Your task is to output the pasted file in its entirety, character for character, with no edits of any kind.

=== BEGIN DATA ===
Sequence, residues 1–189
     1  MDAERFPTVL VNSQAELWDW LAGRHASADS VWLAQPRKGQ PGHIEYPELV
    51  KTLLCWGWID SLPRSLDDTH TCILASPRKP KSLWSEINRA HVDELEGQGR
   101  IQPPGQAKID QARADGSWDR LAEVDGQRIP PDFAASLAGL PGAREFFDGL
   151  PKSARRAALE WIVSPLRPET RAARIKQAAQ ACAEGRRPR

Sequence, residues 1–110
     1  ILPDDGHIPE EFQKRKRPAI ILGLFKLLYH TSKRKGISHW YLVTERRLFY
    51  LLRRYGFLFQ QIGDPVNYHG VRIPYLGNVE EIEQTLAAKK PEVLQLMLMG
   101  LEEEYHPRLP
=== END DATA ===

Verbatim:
Sequence, residues 1–189
     1  MDAERFPTVL VNSQAELWDW LAGRHASADS VWLAQPRKGQ PGHIEYPELV
    51  KTLLCWGWID SLPRSLDDTH TCILASPRKP KSLWSEINRA HVDELEGQGR
   101  IQPPGQAKID QARADGSWDR LAEVDGQRIP PDFAASLAGL PGAREFFDGL
   151  PKSARRAALE WIVSPLRPET RAARIKQAAQ ACAEGRRPR

Sequence, residues 1–110
     1  ILPDDGHIPE EFQKRKRPAI ILGLFKLLYH TSKRKGISHW YLVTERRLFY
    51  LLRRYGFLFQ QIGDPVNYHG VRIPYLGNVE EIEQTLAAKK PEVLQLMLMG
   101  LEEEYHPRLP